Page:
Beowulf — an epic game for the whole family


The guys who brought us the Moby Dick board game are after bigger fish now.

In the next few days, King Post Productions will launch a Kickstarter campaign to raise $25,000 for a game based on the epic Anglo-Saxon poem Beowulf.

Let whoever can win glory before death!

As it’s currently envisioned, the game involves a board that allows players to move through an era when men were men and monsters were monsters — and so were their mothers. Two decks of cards invoke various hardships and triumphs, powers and resources inspired by the Old English epic.

Roll the dice. Fate goes ever as fate must.

King Post founder and president Tavit Geudelekian explains, “Players raid, trade, feud and form alliances with one another on their quest to collect trophies of dead monsters, which symbolize the brave deeds of their people. Beowulf’s fatal struggle with the mighty dragon is the beginning of the end for the tribes of the north, when the influx of Christianity brought about a major shift in the culture.”

Clearly, this is no Chutes & Ladders.

“There’s been a big demand from our audience for another literary adaptation,” Geudelekian says. “With this game, we’re taking a historical perspective, examining the end of the Migration era, through the Viking Age and into the early High Middle Ages.”

Even if you’re a little fuzzy on the dates of the early High Middle Ages, there’s no ignoring Geudelekian’s enthusiasm. Despite the arcane history and the Old English source text, he insists that this new game will be fun for the whole Viking family: Monopoly as a blood sport.

A draft version of one of the cards in the upcoming Beowulf game from King Post Productions. A draft version of one of the cards in the upcoming Beowulf game from King Post Productions.

“By collaborating with game designers who were interested in balancing our esoteric inclinations towards gameplay, we were able to create a game that’s instantly more accessible than Moby Dick was,” he says. “Beowulf will bridge the gap between hardcore gamers, literary aficionados and anyone else looking for a riveting and fun few hours. The game will be for players 14 and up.”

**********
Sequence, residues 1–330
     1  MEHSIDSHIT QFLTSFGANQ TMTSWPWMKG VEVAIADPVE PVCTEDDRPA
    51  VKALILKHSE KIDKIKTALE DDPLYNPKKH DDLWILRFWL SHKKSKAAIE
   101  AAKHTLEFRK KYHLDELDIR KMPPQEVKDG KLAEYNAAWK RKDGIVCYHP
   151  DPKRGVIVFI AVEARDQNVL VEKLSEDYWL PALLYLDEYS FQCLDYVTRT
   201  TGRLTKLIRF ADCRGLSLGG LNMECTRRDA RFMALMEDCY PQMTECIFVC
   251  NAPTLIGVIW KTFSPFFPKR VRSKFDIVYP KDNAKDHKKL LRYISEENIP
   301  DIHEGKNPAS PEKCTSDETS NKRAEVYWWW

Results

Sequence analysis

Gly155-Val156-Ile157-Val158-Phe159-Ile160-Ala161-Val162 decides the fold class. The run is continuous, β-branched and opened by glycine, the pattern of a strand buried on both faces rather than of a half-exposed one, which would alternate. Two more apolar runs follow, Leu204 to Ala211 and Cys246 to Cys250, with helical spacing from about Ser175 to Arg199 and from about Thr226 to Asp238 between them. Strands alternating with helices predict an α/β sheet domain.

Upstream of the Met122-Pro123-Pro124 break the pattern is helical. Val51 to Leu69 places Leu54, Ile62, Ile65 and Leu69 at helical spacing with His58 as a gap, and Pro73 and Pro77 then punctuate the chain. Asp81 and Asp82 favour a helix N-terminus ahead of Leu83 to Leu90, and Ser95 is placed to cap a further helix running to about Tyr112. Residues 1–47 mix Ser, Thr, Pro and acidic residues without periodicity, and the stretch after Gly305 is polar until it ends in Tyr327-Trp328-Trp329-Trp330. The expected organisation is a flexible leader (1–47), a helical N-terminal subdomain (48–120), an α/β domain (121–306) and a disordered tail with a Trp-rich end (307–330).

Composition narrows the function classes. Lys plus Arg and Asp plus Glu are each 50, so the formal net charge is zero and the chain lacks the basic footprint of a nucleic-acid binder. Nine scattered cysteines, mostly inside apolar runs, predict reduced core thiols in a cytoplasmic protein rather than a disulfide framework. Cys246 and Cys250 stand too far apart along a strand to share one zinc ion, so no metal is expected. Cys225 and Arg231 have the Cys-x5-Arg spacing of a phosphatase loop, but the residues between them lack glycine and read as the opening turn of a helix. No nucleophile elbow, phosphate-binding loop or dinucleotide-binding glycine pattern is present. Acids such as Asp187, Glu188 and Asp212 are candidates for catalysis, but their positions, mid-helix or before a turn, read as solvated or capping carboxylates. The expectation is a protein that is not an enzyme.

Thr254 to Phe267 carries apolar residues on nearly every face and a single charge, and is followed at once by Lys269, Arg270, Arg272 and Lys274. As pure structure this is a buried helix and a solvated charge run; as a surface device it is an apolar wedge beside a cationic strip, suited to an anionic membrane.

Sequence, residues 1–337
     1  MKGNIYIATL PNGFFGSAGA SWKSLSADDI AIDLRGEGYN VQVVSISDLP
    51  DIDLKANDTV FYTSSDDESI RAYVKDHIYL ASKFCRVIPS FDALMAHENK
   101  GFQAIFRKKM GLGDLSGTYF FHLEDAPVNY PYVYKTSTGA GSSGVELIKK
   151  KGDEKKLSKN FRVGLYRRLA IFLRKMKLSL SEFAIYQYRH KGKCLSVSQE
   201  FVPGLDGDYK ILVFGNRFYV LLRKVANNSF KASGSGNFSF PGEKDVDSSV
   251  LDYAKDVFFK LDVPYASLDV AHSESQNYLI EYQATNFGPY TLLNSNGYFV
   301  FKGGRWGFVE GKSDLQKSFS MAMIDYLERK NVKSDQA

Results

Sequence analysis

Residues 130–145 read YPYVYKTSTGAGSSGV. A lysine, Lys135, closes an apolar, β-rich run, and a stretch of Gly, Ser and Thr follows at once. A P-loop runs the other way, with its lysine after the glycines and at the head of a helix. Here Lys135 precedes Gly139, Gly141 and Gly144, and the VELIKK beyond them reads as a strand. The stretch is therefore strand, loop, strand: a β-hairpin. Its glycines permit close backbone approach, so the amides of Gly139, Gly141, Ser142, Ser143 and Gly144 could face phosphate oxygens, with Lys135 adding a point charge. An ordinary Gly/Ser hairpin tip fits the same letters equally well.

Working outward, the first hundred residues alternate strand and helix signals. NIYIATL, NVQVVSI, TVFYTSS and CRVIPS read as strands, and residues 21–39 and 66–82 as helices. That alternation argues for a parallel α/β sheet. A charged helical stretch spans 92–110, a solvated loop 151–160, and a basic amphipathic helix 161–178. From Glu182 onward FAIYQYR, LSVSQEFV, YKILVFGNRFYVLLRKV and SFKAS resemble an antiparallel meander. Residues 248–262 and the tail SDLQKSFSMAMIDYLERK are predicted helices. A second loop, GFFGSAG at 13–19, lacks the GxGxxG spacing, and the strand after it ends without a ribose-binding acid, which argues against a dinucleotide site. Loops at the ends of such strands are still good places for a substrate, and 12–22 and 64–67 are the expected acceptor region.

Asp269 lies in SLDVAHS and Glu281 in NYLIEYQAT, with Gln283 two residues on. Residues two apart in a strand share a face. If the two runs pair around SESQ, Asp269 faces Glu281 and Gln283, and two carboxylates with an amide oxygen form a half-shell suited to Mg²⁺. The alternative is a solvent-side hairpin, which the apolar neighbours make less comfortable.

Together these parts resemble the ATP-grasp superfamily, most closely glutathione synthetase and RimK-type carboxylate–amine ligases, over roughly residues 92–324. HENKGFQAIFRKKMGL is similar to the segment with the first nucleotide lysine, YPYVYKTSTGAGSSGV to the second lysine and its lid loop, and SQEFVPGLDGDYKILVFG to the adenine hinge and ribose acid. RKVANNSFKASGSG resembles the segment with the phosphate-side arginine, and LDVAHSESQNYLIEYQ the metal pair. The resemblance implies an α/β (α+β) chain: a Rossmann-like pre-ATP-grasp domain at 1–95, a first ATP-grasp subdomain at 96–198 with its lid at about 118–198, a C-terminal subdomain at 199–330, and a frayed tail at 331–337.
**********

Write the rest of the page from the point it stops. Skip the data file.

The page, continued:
I suspect that at 14, Geudelekian was already chuckling over “The Miller’s Tale,” but I don’t push it. I’m afraid he’ll start mocking me in Old English.

Beowulf was created in partnership with some friends from Highline Games. “King Post is very much a side-job,” says Geudelekian, who works full-time in the video gaming industry, which makes his fondness for cards and die seem like a fall-back to the Dark Ages. He and his cerebral colleagues know this ancient epic the way Beowulf knows Geatland.

Joel Clark, one of King Post’s creative and artistic directors, says, “Beowulf’s life is a reflection of his culture — a rise to power, a descent into death, absorption into the future: the day and night of a civilization expressed in the life and death of one man. This is a kind of ancient existentialism, which I think is why the poem and other Northern literature of the time is so compelling to us now.”

Face it: Scrabble cannot give you ancient existentialism.

Courtesy of King Post Productions. Courtesy of King Post Productions.

For the game text, King Post is using the Gummere edition from 1910, and Clark and his friends are “doing a little translation” themselves. This does not surprise me. His favorite version is Seamus Heaney’s 1999 edition, but he admits, “I’m really enjoying the newly published Tolkien translation.”

After raising more than $100,000 through Kickstarter last year, King Post sold almost 5,000 copies of its Moby Dick game. “Not enough to relocate our office to a whaleship,” Geudelekian admits, “but doing well for a start-up that’s just two years old.” They’ve also donated more than 100 copies of the game to schools and libraries.

Delivery date and price for Beowulf are yet to be determined, but get ready, gamers: Don your war-gear, indifferent to death.

Ron Charles is the editor of The Washington Post's Book World. For a dozen years, he enjoyed teaching American literature and critical theory in the Midwest, but finally switched to journalism when he realized that if he graded one more paper, he'd go crazy.
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